My school-age children came home with report cards not that long ago and I noticed a section describing respectful attitudes towards school property and treatment of others. The idea of grading one’s development of this character trait seems a bit strange to me, but as I read further their report cards described respect as PR for Progressing or CD for Consistently Demonstrates.
I like the idea of progressing or consistently demonstrating respect. Children learn and often relearn the meaning of respect. This learning begins in the early years and builds throughout a child’s life.
At Stepping Stone School, we want to partner with you to encourage and teach respect to children. This month, we will focus on teaching respect as children participate in activities promoting respect for others and their property. The following are some ways we can work together to teach and encourage respect:
- Model Respect. Children often watch their caregivers looking for clues defining the expectations. If they see parents and teachers treating one another respectfully, they will do the same. Additionally, if we model respect as we speak to children, they will speak respectfully to one another.
- Discuss Respect. As children grow, talk about the way we treat others and their property. Focus on the words we use (yes, ma’am; yes, sir; please, and thank you), and the attitudes we portray. Explain the expectation of respect for others demonstrated in both attitude and behavior. One idea is to practice respect of other’s property by checking out books from the public library. Talk about how they must be treated because they have to be returned in good condition.
- Teach Turn-Taking. Turn-taking is a skill needed in all aspects of life. Helping children to patiently wait for a turn to speak encourages respectful listening. Encouraging children to wait for their turn in line or their turn for a toy develops an attitude of patience and respect.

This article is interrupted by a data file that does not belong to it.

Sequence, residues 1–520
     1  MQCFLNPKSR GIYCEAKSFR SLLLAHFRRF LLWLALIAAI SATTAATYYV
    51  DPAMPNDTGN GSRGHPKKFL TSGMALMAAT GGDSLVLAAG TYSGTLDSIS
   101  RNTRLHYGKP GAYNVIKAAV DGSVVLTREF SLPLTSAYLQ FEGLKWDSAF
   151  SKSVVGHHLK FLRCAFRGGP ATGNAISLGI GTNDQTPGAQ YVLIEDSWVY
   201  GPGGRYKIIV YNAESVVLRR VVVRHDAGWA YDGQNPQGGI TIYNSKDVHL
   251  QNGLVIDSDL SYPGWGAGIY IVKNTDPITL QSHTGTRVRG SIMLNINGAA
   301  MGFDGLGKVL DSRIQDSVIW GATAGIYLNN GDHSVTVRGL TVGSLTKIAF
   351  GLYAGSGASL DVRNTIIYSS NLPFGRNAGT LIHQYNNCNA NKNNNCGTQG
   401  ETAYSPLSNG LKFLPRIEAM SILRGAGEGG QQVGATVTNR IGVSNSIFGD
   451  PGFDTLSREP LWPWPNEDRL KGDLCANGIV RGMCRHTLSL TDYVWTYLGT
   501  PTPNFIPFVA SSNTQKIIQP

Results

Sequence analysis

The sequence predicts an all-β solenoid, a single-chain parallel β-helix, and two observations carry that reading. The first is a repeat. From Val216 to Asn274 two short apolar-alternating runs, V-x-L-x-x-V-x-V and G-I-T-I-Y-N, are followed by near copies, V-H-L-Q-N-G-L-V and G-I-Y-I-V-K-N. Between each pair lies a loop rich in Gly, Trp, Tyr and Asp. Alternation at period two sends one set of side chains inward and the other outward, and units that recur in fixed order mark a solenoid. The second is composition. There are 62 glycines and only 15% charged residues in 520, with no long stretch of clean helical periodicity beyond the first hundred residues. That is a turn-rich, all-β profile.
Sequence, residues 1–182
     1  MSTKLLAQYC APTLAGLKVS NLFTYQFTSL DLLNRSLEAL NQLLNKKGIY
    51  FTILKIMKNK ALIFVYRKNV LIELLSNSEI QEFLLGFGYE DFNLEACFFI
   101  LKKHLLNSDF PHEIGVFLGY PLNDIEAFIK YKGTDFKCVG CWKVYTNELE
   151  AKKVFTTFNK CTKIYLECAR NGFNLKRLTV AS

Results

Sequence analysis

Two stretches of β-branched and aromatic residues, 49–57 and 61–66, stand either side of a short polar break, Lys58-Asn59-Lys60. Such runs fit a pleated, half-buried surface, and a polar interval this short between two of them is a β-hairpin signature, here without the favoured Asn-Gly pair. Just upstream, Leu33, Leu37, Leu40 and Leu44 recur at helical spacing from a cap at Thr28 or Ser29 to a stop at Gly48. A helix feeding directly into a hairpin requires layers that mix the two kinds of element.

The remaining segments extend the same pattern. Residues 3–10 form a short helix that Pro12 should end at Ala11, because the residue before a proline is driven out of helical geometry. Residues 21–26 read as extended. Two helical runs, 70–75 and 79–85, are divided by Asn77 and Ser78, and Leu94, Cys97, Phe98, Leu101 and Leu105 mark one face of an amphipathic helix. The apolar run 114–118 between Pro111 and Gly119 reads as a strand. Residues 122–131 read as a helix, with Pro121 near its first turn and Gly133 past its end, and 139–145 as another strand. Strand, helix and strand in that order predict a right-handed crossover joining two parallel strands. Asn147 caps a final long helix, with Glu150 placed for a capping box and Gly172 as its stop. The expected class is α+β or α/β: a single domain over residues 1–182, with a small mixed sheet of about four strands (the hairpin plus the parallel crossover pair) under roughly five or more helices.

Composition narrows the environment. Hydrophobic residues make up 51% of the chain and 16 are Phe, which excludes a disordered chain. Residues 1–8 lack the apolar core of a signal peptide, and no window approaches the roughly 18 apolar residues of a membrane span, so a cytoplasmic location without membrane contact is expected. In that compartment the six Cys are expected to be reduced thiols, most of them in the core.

- Teach Polite Responses. Even our youngest children can learn polite responses. Caregivers can assist infants and young toddlers in signing words like, “please” and “thank you” by gently moving a child’s hand to make the sign. At Stepping Stone School, we begin teaching these signs in our infant classrooms and continue to build upon these important phrases throughout the prekindergarten years. As children begin vocalizing, adding phrases to their vocabulary like, “excuse me,” “no, thank you,” and “yes, ma’am/sir” continues to encourage an attitude of respect.
- Praise Respectful Behavior: When children demonstrate good manners and respect to others, give specific praise for the positive choices they are making. Stating, “I noticed you said, ‘yes, ma’am’ when your teacher asked you a question, that was showing respect” helps children develop an understanding of respectful interactions and behaviors from a young age.
Teaching respect will take time and consistency. Together we can help children move from progressing to consistently demonstrating this important character trait in their daily interactions.
Ask Dr. Sears. (2013, August 23). “7 Ways to Teach Your Child Manners.” Retrieved on February 18, 2016 from http://www.askdrsears.com/topics/parenting/discipline-behavior/morals-manners/7-ways-teach-your-child-manners
Kear, N. (2010). “The Return of Respect!” Retrieved on February 18, 2016 from www.parents.com/toddlers-preschoolers/development/manners/the-return-of-respect/
Silverman, R. (2008, April 12). “10 Tips on Teaching Respect to Children: You can’t get it if you don’t give it!” Retrieved on February 18, 2016 from http://drrobynsilverman.com/parenting-tips/10-tips-on-teaching-respect-to-children-you-cant-get-it-if-you-dont-give-it/
VanClay, M. (2007). “The respectful child: How to teach respect.” Retrieved on February 18, 2016 fromhttp://www.babycenter.com/0_the-respectful-child-how-to-teach-respect_64686.bc